village"; and not only did he buy a number of buildings from the old village, but bore the expxense of their removal to the new location. This incipient village was called Chenango Point, but it time was corrupted into "Chenang P'int"; and even to this day the proud city of Binghamton is often jocularly referred to by that humble name. Under the direction of Mr. Bingham, General Whitney had the ground early laid out into streets and lots. In the year 1801 he cleared a lot and built a handsome residence on Water Street, which stood there for many year. In may be a matter of interest to insert here a letter bearing date of February 21, 1800, of Mr. William Bingham, the owner of the patent, to General Whitney: --

Sir, -- In consideration of the proposals you have made to me by which you engage to remove to the new town which I have laid out at the confluence of the rivers Chenango and Susquehanna, and in consideration of your exertions in extending the settlement of the town and your services in superintending and disposing of the land which belongs to me in the neighborhood, I readily accede to the proposition you made, and will convey to you the square on the plot of the town which you have preferred, and will dispose of two others to you on moderate terms for the purpose of immediate improvement. The Farm No. 37 in the vicinity of the town which you are desirous of Possessing I will sell you for the very low price of five dollars per acre, and I make this sacrifice as an additional incentive to benefit me by your service. I shall forward you a power of attorney to enable you to act for me, and request you to give every information that can lead me to form a proper opinion on the subject of the property. I shall at the same time fix the compensation that I shall be willing to allow you for your trouble in making the sales of these lands. You must take care to prevent all lumber from being cut that is of a valuable kind.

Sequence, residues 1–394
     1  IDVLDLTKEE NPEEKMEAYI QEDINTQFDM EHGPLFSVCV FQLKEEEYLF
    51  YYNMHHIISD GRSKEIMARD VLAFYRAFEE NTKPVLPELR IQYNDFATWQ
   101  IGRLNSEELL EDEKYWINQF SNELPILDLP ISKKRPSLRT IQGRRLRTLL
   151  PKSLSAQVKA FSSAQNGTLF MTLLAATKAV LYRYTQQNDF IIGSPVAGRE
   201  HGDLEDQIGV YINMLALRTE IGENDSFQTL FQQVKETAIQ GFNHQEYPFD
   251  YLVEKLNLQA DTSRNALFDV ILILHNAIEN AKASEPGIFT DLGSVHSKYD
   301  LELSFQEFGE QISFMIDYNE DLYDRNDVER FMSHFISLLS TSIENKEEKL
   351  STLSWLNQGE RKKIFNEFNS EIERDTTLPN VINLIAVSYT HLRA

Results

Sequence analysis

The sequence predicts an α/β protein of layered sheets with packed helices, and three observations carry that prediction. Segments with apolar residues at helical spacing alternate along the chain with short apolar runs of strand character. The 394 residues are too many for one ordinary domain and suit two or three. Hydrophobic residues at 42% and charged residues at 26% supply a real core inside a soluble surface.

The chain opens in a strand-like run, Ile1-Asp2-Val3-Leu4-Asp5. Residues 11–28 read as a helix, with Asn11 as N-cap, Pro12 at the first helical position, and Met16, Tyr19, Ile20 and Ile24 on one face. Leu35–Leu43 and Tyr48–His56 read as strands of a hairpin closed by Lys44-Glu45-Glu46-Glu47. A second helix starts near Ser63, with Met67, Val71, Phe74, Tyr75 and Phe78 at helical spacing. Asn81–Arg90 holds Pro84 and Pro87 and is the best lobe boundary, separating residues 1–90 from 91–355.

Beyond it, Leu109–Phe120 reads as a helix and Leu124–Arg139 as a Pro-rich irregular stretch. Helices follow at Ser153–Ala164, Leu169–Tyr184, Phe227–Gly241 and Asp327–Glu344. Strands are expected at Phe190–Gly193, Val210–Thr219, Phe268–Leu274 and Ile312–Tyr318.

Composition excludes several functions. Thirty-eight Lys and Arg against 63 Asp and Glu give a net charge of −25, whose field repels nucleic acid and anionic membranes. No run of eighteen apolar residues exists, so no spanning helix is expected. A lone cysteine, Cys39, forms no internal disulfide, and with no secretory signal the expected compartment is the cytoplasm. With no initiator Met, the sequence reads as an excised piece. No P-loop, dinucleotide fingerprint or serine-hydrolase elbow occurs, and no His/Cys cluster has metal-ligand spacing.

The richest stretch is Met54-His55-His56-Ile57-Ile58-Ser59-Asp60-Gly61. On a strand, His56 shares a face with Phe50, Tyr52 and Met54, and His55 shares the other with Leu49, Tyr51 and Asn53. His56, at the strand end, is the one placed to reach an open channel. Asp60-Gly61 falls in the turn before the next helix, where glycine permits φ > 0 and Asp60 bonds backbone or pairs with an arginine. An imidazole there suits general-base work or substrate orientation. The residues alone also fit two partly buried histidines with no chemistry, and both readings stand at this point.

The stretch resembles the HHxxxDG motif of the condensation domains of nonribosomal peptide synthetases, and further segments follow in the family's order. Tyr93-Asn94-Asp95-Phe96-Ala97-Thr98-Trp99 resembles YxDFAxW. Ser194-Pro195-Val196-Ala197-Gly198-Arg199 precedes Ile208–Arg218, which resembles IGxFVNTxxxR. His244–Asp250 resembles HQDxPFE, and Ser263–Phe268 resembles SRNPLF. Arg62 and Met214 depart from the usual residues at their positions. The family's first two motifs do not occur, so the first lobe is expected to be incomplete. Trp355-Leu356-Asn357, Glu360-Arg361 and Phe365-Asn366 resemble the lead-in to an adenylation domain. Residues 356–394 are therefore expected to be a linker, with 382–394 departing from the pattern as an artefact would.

Wishing you success in all your operations, I am truly yours, etc.
WILLIAM BINGHAM
To MR. JOSHUA WHITNEY.

Another letter from Mr. Bingham to the same, dated August 20, 1800, and now in possession of General Whitney's great-granddaughter, Miss Eliza Cameron Smith, contains the following, showing the interest that Mr. Bingham took in the new village:--